Environmental impacts, pollution sources and pathways of spent lithium-ion batteries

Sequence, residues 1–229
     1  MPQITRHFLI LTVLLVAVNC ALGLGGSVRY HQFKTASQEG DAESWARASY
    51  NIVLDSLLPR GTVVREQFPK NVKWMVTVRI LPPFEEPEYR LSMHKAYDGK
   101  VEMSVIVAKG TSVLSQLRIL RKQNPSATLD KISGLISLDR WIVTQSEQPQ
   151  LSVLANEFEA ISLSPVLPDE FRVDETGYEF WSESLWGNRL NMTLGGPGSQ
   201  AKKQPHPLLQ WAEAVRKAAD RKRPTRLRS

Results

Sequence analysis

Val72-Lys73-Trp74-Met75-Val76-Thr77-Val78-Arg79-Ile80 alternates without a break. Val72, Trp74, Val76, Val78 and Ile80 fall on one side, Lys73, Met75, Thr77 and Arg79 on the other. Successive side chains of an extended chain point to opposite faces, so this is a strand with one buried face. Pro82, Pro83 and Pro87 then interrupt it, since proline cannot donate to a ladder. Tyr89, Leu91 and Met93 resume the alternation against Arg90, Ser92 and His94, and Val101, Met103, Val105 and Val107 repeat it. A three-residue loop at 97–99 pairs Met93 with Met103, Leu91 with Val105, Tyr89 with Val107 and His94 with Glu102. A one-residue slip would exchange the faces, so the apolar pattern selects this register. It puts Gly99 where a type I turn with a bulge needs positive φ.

There is a growing demand for lithium-ion batteries (LIBs) for electric transportation and to support the application of renewable energies by auxiliary energy storage systems. This surge in demand requires a concomitant increase in production and, down the line, leads to large numbers of spent LIBs. The ever-increasing battery waste needs to be managed accordingly. Currently, there are no universal or unified standards for waste disposal of LIBs around the globe. Each country uses one or a combination of practices such as landfilling, incineration and full or partial recycling depending on the number of batteries leaving the market, current legislation and infrastructures. Informal disposal or reprocessing is not a rare activity. This review records, identifies and categorises the environmental impacts, sources and pollution pathways of spent LIBs. The drawbacks of the disposal practices are highlighted and the threats associated with them are discussed. The evidence presented here is taken from real-life incidents and it shows that improper or careless processing and disposal of spent batteries leads to contamination of the soil, water and air. The toxicity of the battery material is a direct threat to organisms on various trophic levels as well as direct threats to human health. Identified pollution pathways are via leaching, disintegration and degradation of the batteries, however violent incidents such as fires and explosions are also significant. Finally, the paper discusses some of the main knowledge gaps for future assessments. The current study offers a comprehensive overview of the threats and hazards that need to be managed in order to ensure the design and implementation of safe disposal and processing options for spent LIBs.